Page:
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This is taken from a practice quiz by my university.

I ruled out that aabbbaab is not part of the grammar:

S → aSb → aaSbb... This shows that I can't make this word because it would have to have atleast two b's at the end in order for me to add more letters

Then I tried to see if abbaabb can be derived from the grammar and I experienced the same thing:

S → aSb → aaSbb... This shows that I can't make a word with two b's at the end without having at least two a's in the beginning

Finally, I tried to do aabaabbb:

S → aSb → aaSbb → aaSSbb → aaSaSbbb... I decided it can't be this one because even if I make aaSaSbbb into ϵ, I still need to find a way to make aaSaSbbb into ba so I can derive the word. It doesn't seem like I can do that.

So by elimination I thought the correct answer was aabaabb but I was wrong.

Please show me how to work out whether a word can be derived from a grammar.

  • $\begingroup$ The language is a Dyck language. Perhaps if you write a as { and b as }, the pattern will be clearer. $\endgroup$ – rici Mar 2 at 23:40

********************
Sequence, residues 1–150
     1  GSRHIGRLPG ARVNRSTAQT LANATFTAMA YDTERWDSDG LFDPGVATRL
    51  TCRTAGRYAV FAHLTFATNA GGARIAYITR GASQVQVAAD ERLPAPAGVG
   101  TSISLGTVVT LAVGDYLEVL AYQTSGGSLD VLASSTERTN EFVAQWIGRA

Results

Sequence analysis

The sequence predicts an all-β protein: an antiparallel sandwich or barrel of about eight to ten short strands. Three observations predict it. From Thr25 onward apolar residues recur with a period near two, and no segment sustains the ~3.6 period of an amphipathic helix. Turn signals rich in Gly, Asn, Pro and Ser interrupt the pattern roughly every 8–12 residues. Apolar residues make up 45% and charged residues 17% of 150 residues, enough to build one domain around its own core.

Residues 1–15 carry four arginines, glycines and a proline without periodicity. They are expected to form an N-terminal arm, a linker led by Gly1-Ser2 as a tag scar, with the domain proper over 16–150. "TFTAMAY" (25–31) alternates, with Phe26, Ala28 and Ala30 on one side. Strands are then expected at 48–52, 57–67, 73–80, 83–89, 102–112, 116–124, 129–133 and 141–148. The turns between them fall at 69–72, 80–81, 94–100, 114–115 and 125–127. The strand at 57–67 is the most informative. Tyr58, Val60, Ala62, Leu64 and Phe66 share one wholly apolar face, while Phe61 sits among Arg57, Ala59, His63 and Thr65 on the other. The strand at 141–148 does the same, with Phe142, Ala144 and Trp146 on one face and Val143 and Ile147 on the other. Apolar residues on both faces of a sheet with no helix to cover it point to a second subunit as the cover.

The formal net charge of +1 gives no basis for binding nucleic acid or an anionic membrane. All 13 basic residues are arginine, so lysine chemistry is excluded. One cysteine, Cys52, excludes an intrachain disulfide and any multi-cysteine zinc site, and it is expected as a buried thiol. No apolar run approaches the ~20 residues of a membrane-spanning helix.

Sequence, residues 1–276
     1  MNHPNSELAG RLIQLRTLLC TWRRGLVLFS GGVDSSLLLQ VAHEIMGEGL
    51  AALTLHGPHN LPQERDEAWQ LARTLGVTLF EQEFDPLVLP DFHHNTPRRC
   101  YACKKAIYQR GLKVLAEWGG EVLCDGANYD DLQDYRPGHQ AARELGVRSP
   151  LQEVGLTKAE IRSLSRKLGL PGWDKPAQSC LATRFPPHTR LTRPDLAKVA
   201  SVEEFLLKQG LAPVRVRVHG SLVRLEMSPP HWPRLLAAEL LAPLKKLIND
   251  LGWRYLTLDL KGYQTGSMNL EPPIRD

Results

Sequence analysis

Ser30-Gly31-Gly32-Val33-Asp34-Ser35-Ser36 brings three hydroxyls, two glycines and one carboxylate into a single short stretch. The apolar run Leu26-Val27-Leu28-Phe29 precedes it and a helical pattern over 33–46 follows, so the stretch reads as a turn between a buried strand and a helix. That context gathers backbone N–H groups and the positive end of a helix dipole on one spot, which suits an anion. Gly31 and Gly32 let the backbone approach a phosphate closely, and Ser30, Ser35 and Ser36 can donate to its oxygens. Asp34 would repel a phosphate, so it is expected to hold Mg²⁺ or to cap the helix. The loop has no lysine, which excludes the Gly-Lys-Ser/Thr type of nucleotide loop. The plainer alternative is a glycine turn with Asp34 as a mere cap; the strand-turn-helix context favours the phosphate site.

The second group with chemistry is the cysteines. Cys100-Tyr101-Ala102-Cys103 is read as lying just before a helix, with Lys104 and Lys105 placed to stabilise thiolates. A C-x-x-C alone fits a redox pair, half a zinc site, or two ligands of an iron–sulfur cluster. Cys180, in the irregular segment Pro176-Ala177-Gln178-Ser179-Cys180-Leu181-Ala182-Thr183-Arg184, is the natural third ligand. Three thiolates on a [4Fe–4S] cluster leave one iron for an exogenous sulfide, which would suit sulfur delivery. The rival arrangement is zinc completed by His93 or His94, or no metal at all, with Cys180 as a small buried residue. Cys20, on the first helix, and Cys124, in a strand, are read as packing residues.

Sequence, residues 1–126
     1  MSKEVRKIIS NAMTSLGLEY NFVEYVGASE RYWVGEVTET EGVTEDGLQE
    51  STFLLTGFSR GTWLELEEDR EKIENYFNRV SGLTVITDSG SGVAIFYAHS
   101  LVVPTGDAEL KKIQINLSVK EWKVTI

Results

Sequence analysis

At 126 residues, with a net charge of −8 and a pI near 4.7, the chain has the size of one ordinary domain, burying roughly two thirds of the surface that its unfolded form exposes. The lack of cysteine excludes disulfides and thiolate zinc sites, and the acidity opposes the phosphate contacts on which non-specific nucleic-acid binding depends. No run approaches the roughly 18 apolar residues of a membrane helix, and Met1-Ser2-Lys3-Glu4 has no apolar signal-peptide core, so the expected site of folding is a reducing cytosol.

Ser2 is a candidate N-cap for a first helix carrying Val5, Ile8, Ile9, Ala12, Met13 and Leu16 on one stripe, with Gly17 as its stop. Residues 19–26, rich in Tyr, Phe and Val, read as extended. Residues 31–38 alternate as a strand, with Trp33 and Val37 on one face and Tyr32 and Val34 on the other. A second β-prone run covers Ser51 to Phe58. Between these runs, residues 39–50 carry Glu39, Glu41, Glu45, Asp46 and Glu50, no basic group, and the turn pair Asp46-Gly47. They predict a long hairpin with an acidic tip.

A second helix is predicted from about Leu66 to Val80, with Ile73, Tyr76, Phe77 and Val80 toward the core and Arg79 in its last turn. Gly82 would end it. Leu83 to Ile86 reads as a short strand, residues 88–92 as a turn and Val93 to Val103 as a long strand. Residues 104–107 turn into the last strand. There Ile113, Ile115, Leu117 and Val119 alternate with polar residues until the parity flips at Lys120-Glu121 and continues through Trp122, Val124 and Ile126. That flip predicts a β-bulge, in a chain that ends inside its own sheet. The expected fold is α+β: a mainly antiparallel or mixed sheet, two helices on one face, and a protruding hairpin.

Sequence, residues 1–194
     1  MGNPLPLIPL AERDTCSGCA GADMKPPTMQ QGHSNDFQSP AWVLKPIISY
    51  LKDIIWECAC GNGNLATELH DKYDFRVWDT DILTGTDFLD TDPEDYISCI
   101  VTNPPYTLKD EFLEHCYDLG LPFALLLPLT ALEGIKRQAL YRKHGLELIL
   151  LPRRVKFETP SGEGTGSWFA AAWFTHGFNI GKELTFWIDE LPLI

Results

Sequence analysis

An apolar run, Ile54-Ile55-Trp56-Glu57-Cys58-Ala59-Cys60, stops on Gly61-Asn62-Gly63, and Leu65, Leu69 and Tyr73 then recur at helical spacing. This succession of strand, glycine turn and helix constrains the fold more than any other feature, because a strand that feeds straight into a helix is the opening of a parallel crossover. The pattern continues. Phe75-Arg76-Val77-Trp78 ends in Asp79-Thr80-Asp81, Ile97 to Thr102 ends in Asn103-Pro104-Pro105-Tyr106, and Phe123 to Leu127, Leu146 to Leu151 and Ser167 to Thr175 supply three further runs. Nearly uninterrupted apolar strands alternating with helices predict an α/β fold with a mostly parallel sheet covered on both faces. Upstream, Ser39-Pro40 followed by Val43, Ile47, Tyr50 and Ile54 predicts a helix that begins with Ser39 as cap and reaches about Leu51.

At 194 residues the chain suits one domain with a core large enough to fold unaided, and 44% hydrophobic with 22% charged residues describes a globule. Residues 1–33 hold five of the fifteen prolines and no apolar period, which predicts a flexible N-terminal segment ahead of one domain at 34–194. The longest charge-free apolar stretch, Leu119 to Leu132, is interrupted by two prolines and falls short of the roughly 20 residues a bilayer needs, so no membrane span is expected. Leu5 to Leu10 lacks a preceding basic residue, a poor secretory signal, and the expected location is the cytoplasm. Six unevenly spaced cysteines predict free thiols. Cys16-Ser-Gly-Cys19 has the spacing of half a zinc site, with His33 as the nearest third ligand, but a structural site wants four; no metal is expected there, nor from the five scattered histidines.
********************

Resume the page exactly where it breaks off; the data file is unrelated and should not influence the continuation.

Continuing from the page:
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    $\begingroup$ As a first cut, it's clear that any word derivable in this grammar must have the same number of a's as b's. This eliminates half the possibilities. @rici's answer, of course, is more precise. $\endgroup$ – Rick Decker Mar 3 at 0:41

The given grammar

This is what we have at our hand.

Now let us see what can be get from the second production in red. Production in red

From the production in Blue we have

Production in Blue

And the parsing can be stopped using $S\rightarrow \epsilon$

So from the above two work outs we find that the $a$'s and $b$'s are properly nested. (and can be mapped to the problem of valid parenthesization )

That being said let us work the options out:

Work out

Alternatively, during the examination, it is hard to get this detailed thought in mind, so one can try to draw the parse tree for any one of the words, trying to do so, you shall get the intuition of the semantics of the language of the grammar.


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